During a Phase I study a Science Education Partnership was established between the UCSD School of Medicine and an urban San Diego high school. UCSD faculty selected for excellence in teaching are grouped into four educational units: Adolescent Health Biopsychology Cancer/Genetics and Infectious Diseases; each unit is assisted by the San Diego Science Alliance a consortium of over 150 biotechnology corporations institutions and foundations and by UCSD Student Health Advocates undergraduate UCSD students trained to teach health-related topics. Students enter the program in the 10th grade and receive didactic training in all four units. In the 11th grade students choose a specific unit and participate in small group seminars and in field trips relevant to their unit; in addition students present a talk on a health topic of their choice. In the 12th grade students present their talks to 5th-9th grade students but only after careful review of the talks by UCSD faculty and high school and elementary school teachers. Thus information the students have learned is disseminated to younger students and the program incorporates a carefully- supervised peer teaching model. Analysis of intermediatepoint data suggests the program has successfully increased students’ knowledge and interest in health-related careers. We have extended the program to a second urban high school and during Phase II we will continue to evaluate the full three year program to a second urban high school and during Phase II we will continue to evaluate the full three year program but we will also determine the efficacy of a one or two year program. In addition a public health organization will be established to allow the peer teaching paradigm to be expanded widely by having students generate educational materials to be provided to other schools. These materials will teach students about health issues will demonstrate to schools how to set up similar public health organizations and will prvide teachers detailed descriptions of strategies to integrate health- related issues into biology chemistry and coordinated science classes. As a result of data generated during the Phase I study a parent education program and a student summer research program will be added to the partnership.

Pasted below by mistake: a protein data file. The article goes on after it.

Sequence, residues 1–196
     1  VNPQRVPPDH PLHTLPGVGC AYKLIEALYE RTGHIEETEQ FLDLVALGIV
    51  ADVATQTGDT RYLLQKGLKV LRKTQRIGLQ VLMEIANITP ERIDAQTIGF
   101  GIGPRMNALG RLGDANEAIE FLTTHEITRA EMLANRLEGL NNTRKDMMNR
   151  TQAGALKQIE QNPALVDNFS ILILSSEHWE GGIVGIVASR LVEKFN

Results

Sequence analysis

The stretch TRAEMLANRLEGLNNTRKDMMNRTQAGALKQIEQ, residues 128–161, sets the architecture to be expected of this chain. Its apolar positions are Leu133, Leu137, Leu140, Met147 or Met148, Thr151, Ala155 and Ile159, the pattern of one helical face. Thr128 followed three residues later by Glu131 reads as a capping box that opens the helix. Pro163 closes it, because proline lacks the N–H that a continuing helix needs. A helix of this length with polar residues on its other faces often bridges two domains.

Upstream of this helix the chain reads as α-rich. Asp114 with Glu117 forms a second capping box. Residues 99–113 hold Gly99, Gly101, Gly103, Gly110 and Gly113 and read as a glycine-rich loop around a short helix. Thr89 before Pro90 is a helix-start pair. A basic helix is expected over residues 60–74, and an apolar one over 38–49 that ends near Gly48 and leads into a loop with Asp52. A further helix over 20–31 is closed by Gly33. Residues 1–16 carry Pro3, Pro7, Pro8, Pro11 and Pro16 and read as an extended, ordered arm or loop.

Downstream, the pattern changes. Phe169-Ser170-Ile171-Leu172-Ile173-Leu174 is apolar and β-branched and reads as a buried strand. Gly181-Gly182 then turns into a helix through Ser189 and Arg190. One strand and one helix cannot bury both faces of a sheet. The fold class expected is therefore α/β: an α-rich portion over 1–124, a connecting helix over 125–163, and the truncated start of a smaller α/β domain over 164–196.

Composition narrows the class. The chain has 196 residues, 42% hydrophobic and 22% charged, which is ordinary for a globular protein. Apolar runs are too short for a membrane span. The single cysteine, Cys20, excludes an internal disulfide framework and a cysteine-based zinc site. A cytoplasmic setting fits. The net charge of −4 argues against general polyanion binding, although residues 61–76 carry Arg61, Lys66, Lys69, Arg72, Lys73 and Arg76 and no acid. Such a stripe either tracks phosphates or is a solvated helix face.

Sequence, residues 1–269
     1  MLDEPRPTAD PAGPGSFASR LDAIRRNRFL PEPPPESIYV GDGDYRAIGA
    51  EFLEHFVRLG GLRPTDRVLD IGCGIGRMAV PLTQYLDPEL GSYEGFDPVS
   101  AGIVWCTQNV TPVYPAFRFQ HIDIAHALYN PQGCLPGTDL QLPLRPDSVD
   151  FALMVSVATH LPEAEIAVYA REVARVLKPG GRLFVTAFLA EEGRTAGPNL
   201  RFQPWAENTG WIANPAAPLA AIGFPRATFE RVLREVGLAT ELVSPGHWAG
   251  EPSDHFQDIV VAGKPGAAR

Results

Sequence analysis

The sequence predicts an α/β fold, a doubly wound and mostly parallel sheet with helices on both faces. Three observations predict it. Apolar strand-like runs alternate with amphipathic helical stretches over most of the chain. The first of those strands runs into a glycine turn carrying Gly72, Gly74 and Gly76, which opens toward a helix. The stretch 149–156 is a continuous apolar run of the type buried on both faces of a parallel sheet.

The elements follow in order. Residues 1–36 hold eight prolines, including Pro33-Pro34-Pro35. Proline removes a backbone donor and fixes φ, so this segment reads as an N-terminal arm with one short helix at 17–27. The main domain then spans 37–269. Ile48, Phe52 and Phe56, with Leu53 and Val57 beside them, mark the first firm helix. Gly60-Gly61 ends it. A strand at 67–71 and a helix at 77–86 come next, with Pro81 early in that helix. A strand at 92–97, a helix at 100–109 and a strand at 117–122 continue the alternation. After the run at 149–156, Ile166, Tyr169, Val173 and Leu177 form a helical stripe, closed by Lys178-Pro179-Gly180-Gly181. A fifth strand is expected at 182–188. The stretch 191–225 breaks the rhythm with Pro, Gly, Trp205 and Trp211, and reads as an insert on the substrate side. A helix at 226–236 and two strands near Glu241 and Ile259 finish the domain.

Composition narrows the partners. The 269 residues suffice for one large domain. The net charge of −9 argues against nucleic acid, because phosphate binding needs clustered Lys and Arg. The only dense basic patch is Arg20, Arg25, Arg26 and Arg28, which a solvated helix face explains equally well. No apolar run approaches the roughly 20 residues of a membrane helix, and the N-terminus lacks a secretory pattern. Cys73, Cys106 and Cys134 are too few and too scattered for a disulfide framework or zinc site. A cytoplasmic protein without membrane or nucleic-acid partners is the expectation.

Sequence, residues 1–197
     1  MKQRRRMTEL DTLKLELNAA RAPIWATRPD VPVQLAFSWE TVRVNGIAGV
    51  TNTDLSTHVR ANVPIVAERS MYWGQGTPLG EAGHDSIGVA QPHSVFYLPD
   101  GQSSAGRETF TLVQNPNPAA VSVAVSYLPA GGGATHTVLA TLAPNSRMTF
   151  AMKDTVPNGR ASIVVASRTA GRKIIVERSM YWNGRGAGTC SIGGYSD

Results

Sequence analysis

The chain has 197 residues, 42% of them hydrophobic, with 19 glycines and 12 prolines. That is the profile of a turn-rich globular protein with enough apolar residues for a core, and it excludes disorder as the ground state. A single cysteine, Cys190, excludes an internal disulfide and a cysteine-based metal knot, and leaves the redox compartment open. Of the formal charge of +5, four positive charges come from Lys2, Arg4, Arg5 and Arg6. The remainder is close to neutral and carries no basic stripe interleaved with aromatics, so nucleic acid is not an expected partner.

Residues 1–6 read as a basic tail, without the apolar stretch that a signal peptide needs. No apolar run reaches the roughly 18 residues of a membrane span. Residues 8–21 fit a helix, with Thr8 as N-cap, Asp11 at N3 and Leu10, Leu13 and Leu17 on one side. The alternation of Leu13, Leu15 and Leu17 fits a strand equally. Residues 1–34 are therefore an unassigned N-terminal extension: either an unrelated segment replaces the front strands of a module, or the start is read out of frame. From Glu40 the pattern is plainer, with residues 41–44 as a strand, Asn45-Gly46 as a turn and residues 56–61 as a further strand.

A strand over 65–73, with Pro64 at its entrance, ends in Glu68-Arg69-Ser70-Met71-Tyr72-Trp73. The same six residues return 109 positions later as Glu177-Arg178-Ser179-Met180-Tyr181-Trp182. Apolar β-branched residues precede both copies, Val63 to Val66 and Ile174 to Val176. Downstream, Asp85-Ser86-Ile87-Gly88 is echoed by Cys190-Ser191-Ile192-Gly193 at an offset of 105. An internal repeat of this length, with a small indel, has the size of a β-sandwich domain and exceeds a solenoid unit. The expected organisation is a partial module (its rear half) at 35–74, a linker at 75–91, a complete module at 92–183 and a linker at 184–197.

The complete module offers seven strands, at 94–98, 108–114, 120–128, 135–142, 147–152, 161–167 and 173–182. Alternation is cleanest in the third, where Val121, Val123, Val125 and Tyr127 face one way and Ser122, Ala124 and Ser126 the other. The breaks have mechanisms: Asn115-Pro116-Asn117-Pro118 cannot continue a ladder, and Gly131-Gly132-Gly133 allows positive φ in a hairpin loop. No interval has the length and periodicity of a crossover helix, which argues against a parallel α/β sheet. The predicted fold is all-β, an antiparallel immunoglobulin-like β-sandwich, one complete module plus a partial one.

This Phase II project is a collaboration between the University of California San Diego School of Medicine and two San Diego High Schools; Morse High School (with more than 90 percent minority students) and Helix High School (with approximately 50 percent minority students). A public health organization will be established to disseminate student-produced materials to other schools and develop strategies for teachers to integrate health-related issues into high school science courses. The project will also include a parent education program and a summer research program for minority youth to work in laboratories under the mentorship of a health care professional. The program is grouped into four educational units: Adolescent Health Biopsychology Cancer/Genetics and Infectious Diseases.